3. The code throws an exception that is not caught in any catch clause. For this, the program executes all code in the try block until the exception is thrown. The remaining code in the try block is skipped. Then, the code in the finally clause is executed, and the exception is thrown back to the caller of this method. Execution passes through points 1 and 5 only.

You can use the finally clause without a catch clause. For example, consider the following try statement:


Graphics g = image.getGraphics();
try
{
   code that might throw exceptions
}
finally
{
   g.dispose();
}

The g.dispose() command in the finally clause is executed whether or not an exception is encountered in the try block. Of course, if an exception is encountered, it is rethrown and must be caught in another catch clause.

In fact, as explained in the following tip, we think it is a very good idea to use the finally clause in this way.

We strongly suggest that you decouple try/catch and try/finally blocks. This makes your code far less confusing. For example,


InputStream in = ...;
try
{
   try
   {
      code that might throw exceptions
   }
   finally
   {
      in.close();
   }
}
catch (IOException e)
{
   show error dialog
}

The inner try block has a single responsibility: to make sure that the input stream is closed. The outer try block has a single responsibility: to ensure that errors are reported. Not only is this solution clearer, it is also more functional: errors in the finally clause are reported.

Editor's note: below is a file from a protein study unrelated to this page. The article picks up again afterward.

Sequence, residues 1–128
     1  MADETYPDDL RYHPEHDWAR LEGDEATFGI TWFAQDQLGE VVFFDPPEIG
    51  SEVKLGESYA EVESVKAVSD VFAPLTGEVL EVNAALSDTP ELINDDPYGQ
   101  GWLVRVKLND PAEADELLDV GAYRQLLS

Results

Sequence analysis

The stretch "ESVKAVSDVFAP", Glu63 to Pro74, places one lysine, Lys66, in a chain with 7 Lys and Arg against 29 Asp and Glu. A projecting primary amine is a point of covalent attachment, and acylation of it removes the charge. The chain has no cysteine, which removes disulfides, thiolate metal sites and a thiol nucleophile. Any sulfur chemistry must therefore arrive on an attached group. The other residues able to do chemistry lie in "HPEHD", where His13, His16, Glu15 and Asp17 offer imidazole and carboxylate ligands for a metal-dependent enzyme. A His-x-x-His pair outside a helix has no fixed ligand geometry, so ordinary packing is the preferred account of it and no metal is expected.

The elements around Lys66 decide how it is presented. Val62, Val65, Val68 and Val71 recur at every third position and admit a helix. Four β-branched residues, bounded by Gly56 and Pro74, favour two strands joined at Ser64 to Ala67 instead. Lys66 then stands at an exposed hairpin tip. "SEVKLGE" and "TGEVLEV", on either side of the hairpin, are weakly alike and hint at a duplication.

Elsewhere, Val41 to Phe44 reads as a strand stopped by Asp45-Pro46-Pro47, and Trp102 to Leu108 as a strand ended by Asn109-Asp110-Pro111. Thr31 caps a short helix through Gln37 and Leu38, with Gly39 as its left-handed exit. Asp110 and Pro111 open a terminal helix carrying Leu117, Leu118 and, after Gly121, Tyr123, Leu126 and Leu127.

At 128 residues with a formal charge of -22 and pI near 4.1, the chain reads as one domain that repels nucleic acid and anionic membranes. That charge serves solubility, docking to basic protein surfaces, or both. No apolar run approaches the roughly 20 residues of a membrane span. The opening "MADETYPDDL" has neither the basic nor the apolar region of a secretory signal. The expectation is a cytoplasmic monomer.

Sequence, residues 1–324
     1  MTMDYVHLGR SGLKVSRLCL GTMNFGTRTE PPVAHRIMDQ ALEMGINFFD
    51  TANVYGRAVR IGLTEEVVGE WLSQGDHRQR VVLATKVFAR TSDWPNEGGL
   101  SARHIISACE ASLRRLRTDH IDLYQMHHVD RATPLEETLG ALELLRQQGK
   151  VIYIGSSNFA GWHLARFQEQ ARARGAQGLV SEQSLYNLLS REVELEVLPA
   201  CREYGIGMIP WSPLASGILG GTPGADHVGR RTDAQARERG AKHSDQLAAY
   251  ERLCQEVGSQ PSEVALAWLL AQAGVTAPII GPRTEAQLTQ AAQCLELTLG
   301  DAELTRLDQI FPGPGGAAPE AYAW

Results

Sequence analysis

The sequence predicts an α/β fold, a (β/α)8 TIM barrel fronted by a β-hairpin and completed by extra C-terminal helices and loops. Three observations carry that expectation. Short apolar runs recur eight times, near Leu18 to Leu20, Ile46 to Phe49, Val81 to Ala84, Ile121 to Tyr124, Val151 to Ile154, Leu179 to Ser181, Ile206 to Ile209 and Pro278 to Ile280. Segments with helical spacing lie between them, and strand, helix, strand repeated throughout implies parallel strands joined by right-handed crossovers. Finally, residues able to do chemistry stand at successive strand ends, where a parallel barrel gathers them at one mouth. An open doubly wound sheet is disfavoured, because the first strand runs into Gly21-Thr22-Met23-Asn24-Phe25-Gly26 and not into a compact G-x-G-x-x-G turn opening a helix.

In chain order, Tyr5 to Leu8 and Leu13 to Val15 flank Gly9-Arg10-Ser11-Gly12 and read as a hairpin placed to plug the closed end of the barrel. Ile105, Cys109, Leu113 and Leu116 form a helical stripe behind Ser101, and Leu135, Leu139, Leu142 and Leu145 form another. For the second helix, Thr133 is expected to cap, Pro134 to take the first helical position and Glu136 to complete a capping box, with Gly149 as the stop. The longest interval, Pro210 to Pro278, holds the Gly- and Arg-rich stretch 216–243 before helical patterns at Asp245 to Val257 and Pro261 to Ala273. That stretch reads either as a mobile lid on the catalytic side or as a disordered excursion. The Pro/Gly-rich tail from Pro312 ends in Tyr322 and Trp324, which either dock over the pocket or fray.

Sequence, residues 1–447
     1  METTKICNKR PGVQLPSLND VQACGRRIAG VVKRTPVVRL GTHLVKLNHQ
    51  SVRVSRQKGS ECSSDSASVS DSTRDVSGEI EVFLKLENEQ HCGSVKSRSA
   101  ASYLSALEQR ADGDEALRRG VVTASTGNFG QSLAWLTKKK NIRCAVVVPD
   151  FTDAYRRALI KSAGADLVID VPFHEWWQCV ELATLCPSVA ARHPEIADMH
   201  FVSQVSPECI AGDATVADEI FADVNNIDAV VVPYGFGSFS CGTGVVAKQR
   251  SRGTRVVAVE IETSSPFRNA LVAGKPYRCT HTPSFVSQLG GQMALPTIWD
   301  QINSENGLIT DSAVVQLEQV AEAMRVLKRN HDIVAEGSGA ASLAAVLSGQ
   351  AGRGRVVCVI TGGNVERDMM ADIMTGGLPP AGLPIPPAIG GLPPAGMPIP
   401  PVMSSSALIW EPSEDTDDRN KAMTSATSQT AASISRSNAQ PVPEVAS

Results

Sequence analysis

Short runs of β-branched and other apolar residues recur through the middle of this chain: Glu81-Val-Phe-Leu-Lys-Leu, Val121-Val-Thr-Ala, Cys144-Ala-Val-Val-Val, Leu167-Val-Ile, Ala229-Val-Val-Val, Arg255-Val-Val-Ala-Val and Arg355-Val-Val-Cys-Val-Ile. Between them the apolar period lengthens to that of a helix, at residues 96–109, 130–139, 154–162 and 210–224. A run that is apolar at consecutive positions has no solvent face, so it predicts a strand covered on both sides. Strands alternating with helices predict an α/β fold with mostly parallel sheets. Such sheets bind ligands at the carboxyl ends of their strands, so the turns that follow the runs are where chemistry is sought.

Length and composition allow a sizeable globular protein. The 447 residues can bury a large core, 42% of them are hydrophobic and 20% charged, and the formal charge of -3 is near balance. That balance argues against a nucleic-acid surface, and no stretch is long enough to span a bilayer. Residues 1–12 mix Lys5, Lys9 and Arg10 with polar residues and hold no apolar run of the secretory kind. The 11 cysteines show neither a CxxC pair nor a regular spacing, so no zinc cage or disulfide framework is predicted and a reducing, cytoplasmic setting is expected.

A finally clause can yield unexpected results when it contains return statements. Suppose you exit the middle of a try block with a return statement. Before the method returns, the contents of the finally block are executed. If the finally block also contains a return statement, then it masks the original return value. Consider this contrived example:

public static int f(int n)
{
   try
   {
      int r = n * n;
      return r;
   }
   finally
   {
      if (n == 2) return 0;
   }
}

If you call f(2), then the try block computes r = 4 and executes the return statement. However, the finally clause is executed before the method actually returns. The finally clause causes the method to return 0, ignoring the original return value of 4.

Sometimes the finally clause gives you grief, namely if the cleanup method can also throw an exception. A typical case is closing a stream. (See Chapter 12 for more information on streams.) Suppose you want to make sure that you close a stream when an exception hits in the stream processing code.


InputStream in = ...;
try
{
   code that might throw exceptions
}
catch (IOException e)
{
   show error dialog
}
finally
{
   in.close();
}

Now suppose that the code in the try block throws some exception other than an IOException that is of interest to the caller of the code. The finally block executes, and the close method is called. That method can itself throw an IOException! When it does, then the original exception is lost and the IOException is thrown instead. That is very much against the spirit of exception handling.